Chapter 57: - Page 5 of 8

Vae Victis!

(English version of “Noli Me Tangere”)

To the well with him! he ordered.

The Filipinos know what this means: in Tagalog they call it timbaín.  We do not know who invented this procedure, but we judge that it must be quite ancient.  Truth at the bottom of a well may perhaps be a sarcastic interpretation.

In the center of the yard rose the picturesque curb of a well, roughly fashioned from living rock.  A rude apparatus of bamboo in the form of a well-sweep served for drawing up the thick, slimy, foul-smelling water.  Broken pieces of pottery, manure, and other refuse were collected there, since this well was like the jail, being the place for what society rejected or found useless, and any object that fell into it, however good it might have been, was then a thing lost.  Yet it was never closed up, and even at times the prisoners were condemned to go down and deepen it, not because there was any thought of getting anything useful out of such punishment, but because of the difficulties the work offered.  A prisoner who once went down there would contract a fever from which he would surely die.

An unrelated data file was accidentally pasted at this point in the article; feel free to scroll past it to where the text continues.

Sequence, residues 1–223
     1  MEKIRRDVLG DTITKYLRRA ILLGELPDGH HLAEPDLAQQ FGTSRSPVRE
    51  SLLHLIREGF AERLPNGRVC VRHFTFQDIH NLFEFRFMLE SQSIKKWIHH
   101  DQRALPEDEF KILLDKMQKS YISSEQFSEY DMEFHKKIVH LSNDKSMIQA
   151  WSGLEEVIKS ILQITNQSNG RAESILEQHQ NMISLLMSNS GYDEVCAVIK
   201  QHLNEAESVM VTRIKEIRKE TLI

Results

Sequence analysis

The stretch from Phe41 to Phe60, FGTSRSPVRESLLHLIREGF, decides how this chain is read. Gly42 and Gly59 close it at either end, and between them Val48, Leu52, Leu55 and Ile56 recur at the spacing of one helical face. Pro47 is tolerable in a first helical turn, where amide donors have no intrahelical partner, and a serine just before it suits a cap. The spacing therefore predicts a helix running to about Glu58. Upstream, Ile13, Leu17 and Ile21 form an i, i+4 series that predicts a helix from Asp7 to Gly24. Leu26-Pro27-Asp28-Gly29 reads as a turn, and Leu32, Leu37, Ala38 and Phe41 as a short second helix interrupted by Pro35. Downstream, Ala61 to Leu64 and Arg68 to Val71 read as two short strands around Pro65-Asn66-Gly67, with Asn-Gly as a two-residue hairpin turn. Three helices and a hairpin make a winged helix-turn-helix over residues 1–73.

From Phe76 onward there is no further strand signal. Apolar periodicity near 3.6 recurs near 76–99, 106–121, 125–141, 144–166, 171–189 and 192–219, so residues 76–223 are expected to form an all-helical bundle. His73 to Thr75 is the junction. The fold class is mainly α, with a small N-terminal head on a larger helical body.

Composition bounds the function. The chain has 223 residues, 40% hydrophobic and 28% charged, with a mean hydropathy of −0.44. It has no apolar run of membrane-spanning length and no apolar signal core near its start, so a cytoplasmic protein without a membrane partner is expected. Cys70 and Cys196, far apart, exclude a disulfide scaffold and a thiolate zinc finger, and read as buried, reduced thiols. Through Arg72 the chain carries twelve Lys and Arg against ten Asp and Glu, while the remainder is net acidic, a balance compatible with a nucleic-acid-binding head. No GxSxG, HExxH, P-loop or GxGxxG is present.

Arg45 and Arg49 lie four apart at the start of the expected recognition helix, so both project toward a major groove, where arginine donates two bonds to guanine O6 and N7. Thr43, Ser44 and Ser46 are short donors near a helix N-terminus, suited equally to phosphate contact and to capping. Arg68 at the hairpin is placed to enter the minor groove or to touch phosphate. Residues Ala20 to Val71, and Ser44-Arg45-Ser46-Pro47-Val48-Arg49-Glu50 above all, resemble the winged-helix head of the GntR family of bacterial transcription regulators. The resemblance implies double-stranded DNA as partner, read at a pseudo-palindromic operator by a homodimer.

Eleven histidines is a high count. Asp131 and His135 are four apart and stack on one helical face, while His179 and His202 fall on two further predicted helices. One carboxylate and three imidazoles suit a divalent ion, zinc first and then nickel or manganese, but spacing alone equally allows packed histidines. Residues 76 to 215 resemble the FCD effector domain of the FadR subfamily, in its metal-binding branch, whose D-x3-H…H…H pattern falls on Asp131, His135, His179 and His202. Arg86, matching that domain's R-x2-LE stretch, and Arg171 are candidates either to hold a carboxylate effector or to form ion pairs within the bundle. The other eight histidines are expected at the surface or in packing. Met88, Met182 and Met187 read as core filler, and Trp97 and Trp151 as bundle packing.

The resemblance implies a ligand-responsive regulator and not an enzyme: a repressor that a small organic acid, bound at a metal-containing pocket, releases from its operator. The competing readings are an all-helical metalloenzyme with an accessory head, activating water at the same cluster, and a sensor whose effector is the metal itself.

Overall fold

Tarsilo gazed upon all the preparations of the soldiers with a fixed look.  He was pale, and his lips trembled or murmured a prayer.  The haughtiness of his desperation seemed to have disappeared or, at least, to have weakened.  Several times he bent his stiff neck and fixed his gaze on the ground as though resigned to his sufferings.  They led him to the well-curb, followed by the smiling Doña Consolacion.  In his misery he cast a glance of envy toward the heap of corpses and a sigh escaped from his breast.

Talk now, the directorcillo again advised him.  They’ll hang you anyhow. You’ll at least die without suffering so much.

You’ll come out of this only to die, added a cuadrillero.

They took away the gag and hung him up by his feet, for he must go down head foremost and remain some time under the water, just as the bucket does, only that the man is left a longer time.  While the alferez was gone to look for a watch to count the minutes, Tarsilo hung with his long hair streaming down and his eyes half closed.

If you are Christians, if you have any heart, he begged in a low voice, let me down quickly or make my head strike against the sides so that I’ll die.  God will reward you for this good deed—perhaps some day you may be as I am!

The alferez returned, watch in hand, to superintend the lowering.

Learn this Filipino word:

matamís ang dilà